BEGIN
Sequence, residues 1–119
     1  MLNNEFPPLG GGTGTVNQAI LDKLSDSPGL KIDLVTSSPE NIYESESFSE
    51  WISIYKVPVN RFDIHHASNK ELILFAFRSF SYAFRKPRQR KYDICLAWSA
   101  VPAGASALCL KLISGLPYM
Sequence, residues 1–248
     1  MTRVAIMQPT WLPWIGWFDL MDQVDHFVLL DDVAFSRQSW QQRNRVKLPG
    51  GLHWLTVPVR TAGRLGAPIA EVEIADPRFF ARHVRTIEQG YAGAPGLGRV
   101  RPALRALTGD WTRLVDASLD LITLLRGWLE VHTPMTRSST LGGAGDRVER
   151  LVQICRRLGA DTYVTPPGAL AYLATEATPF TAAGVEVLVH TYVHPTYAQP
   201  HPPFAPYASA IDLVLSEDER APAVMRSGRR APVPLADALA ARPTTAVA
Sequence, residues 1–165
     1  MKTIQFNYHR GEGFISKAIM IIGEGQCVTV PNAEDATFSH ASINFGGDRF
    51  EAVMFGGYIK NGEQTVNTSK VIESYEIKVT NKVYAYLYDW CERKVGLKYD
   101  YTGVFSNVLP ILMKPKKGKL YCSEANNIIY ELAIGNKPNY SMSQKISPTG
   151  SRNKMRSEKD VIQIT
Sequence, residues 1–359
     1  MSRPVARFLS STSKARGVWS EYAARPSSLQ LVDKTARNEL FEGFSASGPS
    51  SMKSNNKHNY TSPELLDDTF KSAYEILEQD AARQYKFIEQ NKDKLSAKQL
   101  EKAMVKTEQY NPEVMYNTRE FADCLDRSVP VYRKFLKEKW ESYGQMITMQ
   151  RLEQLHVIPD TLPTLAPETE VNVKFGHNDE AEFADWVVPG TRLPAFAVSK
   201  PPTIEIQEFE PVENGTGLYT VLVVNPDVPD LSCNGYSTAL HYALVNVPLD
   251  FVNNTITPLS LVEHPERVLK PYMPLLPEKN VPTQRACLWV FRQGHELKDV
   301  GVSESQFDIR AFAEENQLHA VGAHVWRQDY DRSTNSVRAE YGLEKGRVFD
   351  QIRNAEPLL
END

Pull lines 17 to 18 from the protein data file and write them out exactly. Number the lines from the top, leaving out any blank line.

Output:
     1  MSRPVARFLS STSKARGVWS EYAARPSSLQ LVDKTARNEL FEGFSASGPS
    51  SMKSNNKHNY TSPELLDDTF KSAYEILEQD AARQYKFIEQ NKDKLSAKQL